Popular gaming and lifestyle brand Razer has partnered with sustainable shoe brand Cariuma to release sneakers as part of its 'Go Green' initiative, specifically to help reach its goal of saving 1 million trees.
Cariuma is a sneaker brand dedicated to only using sustainable materials, and maintaining ethical operations and manufacturing that have similar reforestation goals in mind; ideals that make them the perfector collaborator in Razers' long-standing objective. For every pair of shoes sold, both Razer and Cariuma have pledged to save 10 trees through an existing partnership Razer has with the charity Conservation International.
Razer has created several sustainability pledges in recent years as part of its #GoGreenWithRazer initiative that has seen the release of product lines designed to raise awareness about global issues, alongside public partnerships with eco-friendly brands to try and help resolve them.
One such previous example is Razer's work with ClearBot, the marine trash cleaning robot, as well as its line of Kanagawa Wave apparel made of fabric comprised entirely of marine plastics recovered from beaches.
While they don't feature the iconic Razer RGB Chroma lighting, the Cariuma shoes come in either hi-top or low-top styles with two different color options available. The shoe is completely made from GOTS (Global Organic Textile Standard) certified cotton and a natural rubber sole, and all four variations feature Razer's sustainability mascot 'Sneki Snek', a character that has prominently appeared on official merch throughout the 'Sssave The Trees' campaign.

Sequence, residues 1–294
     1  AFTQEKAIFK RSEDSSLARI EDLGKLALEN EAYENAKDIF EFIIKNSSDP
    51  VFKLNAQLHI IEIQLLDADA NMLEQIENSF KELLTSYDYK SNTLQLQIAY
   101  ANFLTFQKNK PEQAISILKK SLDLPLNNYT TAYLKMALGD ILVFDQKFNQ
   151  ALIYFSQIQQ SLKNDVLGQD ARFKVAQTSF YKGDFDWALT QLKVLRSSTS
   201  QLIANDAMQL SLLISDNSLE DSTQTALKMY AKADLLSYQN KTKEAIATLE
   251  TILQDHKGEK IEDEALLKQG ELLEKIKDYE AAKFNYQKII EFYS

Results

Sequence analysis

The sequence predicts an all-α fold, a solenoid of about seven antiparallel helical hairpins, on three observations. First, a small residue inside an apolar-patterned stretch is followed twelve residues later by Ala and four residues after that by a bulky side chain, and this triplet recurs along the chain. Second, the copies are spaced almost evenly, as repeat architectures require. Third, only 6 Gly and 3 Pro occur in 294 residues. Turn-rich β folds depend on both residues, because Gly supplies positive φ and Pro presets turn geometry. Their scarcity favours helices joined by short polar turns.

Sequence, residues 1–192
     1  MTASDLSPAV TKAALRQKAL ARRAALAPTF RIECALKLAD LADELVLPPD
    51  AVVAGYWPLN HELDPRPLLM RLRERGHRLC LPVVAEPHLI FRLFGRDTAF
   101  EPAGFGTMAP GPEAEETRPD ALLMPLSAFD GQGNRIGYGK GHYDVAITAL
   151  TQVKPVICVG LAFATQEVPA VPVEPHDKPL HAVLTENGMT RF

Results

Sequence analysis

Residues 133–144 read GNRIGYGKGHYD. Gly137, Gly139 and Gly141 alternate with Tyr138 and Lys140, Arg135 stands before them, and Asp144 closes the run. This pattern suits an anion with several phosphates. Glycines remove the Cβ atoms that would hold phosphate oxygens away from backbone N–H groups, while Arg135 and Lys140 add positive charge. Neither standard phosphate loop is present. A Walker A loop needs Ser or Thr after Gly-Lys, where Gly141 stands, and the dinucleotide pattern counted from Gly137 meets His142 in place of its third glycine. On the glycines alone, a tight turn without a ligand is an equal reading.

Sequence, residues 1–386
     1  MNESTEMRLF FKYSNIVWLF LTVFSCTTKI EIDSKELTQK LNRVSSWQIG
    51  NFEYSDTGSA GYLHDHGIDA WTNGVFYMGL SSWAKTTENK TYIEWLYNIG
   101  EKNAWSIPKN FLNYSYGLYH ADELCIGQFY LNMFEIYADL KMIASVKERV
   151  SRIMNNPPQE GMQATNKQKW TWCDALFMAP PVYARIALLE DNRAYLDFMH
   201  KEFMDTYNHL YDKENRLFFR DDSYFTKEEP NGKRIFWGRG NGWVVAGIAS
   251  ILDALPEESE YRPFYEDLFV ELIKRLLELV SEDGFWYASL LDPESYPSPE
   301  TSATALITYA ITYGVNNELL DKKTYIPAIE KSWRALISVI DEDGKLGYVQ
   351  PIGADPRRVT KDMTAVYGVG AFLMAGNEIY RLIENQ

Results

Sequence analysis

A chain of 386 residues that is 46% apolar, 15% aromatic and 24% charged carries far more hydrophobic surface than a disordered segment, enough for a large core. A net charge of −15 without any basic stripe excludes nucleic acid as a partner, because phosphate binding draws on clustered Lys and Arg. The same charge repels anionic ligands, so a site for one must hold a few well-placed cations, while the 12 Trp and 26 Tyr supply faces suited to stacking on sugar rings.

The low-top variant of the sneaker retails for $89 (around £65 / AU$125) while the hi-top style is priced at $98 (around £75 / AU$140). Currently, the goal counter sits at just over 900,000 trees saved, with hopes that numbers will pass the 1 million mark by the program's anniversary in March 2022.
Opinion: I'm glad someone is shouting about this
I've spoken rather candidly about my own 'eco-anxiety' and the effect that modern human life is having on our planet, so while I appreciate that criticism will be found regardless, I'm soothed by the fact that some companies are really making a big deal out of trying to do better.
Razer is hardly going to fix the world, but it certainly shouts louder about sustainability than many other gaming and lifestyle brands with a similar community platform, and having interviewed senior representatives previously about its intentions, the efforts do feel genuine.
Product releases for charity drives and sustainability goals are nothing new as while it would certainly make more sense for plain old cash to be donated directly to the goal, people at home prefer to get something in return for their investment.
At the very least, Razer is using its large public platform to keep its fans educated on ecological matters so that even if gamers aren't buying any of the merchandise, they become more educated on the issues surrounding our environment. It's not perfect, but in a world where it feels like most companies are content doing nothing, I'm pleased that tech brands like Razer are dedicated to trying to do some good.
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Jess is a former TechRadar Computing writer, where she covered all aspects of Mac and PC hardware, including PC gaming and peripherals. She has been interviewed as an industry expert for the BBC, and while her educational background was in prosthetics and model-making, her true love is in tech and she has built numerous desktop computers over the last 10 years for gaming and content creation. Jess is now a journalist at The Verge.